Preparing dahlias for winter | A guide to digging & storing dahlia tubers

This week’s words of gardening wisdom (and photos) are from our garden expert, Elly Keen.

In late autumn, the daylight hours have shortened and many of us have experienced our first frosts. This transition signals the end for our beloved dahlias and gently reminds us to prepare for their wintertime slumber. 

Dahlias are a perennial flower that go completely dormant over the colder months, with the  foliage above ground dying off – what’s left is a clump of tuberous roots underground. These tubers are a swollen stem that is used by the plant for food storage during their growth phase. 

In the wintertime, when the foliage dies back, these tubers can be subject to rotting if left in boggy, clay soils. For gardeners that are growing in clay or any area that is not particularly well draining, you may choose to lift your tubers and store them indoors over winter instead. 

If you are growing your dahlias in pots, raised beds or elevated gardens with free draining soils, you may choose to simply cut back any blackened foliage now and apply a thick layer of mulch like pea straw or wood chips to protect from frost and rain. 

Lifting and storing dahlias can be a daunting task especially if you have amassed a collection over the years, but if you are worried about losing special varieties then stowing away can give you a  sense of security.

How to dig dahlias 

Dig all around the clump with a shade or fork. Leave a 10cm wide margin to ensure you do not damage any of the tuberous roots.  

In heavy clay soils, it can be difficult to lift the tubers without damaging them. Especially if the soil is wet from recent rains. Go slowly and dig around clumps as carefully as  possible with your hands if needed. 

Lift the clump with care and gently shake off or manually remove excess soil. 

You may choose to use the hose to wash off the remaining soil from the clump. I like to  leave a little soil on my clumps as this can help prevent the tubers from completely drying out in storage. So instead, I will leave tubers out in the sun for a day or two to dry naturally and then I will brush off any big pieces of dirt stuck to the clumps.

Blackened dahlia foliage ready to be cut back
Dahlias cut back before digging
Freshly dug dahlia clump

Tuber with Crown Gall

Check for signs of disease:

Washing the tubers does help when trying to identify disease.  

Dahlias can be prone to an issue called Crown Gall (Agrobacterium tumefaciens). This is a bacterial infection that can cause an excess of plant hormones that control growth resulting in a white cauliflower-like deformity around the crown or neck of the tubers.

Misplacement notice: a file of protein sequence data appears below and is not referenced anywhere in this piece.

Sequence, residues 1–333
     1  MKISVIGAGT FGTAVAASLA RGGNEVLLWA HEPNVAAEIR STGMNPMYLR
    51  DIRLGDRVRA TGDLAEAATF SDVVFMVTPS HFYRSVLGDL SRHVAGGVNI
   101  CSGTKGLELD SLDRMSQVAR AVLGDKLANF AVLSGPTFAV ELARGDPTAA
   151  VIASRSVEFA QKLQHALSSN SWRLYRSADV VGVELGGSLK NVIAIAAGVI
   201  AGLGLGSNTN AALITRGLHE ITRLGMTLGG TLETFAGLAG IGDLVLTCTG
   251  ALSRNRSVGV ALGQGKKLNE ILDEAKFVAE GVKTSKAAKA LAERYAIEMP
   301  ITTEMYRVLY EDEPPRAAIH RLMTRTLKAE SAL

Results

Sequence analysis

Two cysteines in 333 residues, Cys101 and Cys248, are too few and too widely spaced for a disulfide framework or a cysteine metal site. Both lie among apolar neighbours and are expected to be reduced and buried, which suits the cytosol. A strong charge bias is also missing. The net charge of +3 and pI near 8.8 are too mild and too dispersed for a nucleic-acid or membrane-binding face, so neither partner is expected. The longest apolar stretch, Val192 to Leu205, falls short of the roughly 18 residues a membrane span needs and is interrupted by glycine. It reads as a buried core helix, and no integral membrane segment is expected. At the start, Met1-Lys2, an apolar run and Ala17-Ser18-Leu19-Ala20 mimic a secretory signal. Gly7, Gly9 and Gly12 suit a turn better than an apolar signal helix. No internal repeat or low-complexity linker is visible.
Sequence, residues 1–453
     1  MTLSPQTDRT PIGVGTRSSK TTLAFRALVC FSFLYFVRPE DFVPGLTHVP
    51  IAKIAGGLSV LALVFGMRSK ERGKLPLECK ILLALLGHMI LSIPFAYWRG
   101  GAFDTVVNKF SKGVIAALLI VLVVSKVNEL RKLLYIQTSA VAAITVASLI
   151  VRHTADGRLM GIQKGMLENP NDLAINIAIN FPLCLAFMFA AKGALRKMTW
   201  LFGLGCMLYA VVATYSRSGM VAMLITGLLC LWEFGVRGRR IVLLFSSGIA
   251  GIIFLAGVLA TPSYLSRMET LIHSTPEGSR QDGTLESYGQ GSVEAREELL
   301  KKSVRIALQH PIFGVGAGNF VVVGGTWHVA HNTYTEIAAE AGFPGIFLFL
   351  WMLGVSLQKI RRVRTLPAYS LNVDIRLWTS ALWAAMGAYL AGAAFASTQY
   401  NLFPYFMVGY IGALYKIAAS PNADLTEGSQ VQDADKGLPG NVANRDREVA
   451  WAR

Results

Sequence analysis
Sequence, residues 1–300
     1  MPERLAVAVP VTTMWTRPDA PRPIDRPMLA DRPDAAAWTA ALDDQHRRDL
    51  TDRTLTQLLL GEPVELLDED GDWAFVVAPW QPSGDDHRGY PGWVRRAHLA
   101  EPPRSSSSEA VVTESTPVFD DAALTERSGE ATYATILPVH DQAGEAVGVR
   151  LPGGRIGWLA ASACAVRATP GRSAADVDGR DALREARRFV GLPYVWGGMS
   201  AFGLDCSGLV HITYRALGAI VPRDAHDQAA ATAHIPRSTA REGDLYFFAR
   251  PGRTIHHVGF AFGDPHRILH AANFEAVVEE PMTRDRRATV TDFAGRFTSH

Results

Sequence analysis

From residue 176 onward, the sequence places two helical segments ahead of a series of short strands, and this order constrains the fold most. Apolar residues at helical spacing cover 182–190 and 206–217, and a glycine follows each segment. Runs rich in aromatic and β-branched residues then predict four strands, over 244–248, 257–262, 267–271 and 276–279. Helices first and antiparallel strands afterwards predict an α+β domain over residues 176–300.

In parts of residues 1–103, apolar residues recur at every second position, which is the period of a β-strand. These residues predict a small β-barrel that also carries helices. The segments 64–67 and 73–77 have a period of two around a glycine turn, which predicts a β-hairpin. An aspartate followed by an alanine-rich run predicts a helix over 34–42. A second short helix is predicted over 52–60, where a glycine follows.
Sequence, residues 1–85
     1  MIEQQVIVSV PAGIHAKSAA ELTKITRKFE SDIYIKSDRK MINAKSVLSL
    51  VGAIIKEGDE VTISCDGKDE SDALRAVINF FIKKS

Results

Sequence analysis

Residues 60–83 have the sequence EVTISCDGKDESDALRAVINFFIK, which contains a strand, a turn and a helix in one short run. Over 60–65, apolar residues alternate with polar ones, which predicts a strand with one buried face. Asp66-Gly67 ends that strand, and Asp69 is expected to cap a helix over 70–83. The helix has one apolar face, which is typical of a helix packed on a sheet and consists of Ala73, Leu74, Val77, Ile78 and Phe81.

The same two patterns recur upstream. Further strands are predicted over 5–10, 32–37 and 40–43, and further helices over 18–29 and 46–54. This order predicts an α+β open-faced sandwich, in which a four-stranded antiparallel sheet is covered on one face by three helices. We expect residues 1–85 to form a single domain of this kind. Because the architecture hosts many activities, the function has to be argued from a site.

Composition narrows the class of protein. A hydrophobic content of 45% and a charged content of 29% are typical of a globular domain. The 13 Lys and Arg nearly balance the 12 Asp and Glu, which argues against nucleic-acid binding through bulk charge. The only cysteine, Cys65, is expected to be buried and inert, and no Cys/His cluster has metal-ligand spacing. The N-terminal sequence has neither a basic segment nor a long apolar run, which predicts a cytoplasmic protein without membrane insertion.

When lifting your dahlias, check for any signs of Crown Gall. If you identify this issue, bin  immediately and do not compost.

How to store dahlia tubers 

Now that we have removed our dahlias from the ground it is time to store. Some people choose to divide tubers in autumn upon lifting, when the eyes are clearly visible – but I prefer to divide in the spring. I find that tubers seem to fare better when stored in clumps, rather than individual tubers which tend to dry out quicker. 

Regulate temperature 

Dahlias are cold sensitive so it is imperative that you do not allow the tubers to be subject to freezing temperatures or frost as this will damage them. Storing your tubers in an environment which is dry and warm is ideal. 

Allow tubers to breathe 

It is best to keep your tubers in a crate or cardboard box rather than an airtight container.  Dahlia tubers will sweat and continue to release moisture, and are prone to rotting if  condensation is allowed to build up. 

Keep off concrete 

Concrete is said to draw moisture out of the tubers so if you are storing, make sure to place the box or crate on top of a shelf or table instead of the garage floor. 

Constant monitoring 

Finally, you should continue to monitor your tubers throughout winter. As time progresses you may find you need to add mixes to lengthen the storage capacity depending on your situation. 

For tubers that appear quite shrivelled – add dampened potting mix to elevate moisture levels

For tubers that are growing mouldadd vermiculite to help draw out excess moisture that can lead to rotting. 

Individual dahlia tuber with eye

Elly’s dahlia garden
‘Brown Sugar’ dahlia
‘Genova’ dahlia

What do I do with the garden bed after I lift my dahlia tubers? 

After you lift your dahlia tubers, you may be left with an area of unused garden bed. Instead of allowing the weeds to grow all winter you may choose to make use of the area until Labour Weekend, when the time comes to plant again. 

Planting out a green crop, like broad beans, can be a helpful option for fixing nitrogen in the soil. Alternatively, tulip bulbs or a mix of hardy annual flowers like poppies, calendula, cornflower, phacelia and borage would provide a beautiful display come early spring, and can simply be cut back when the time comes to replanting tubers.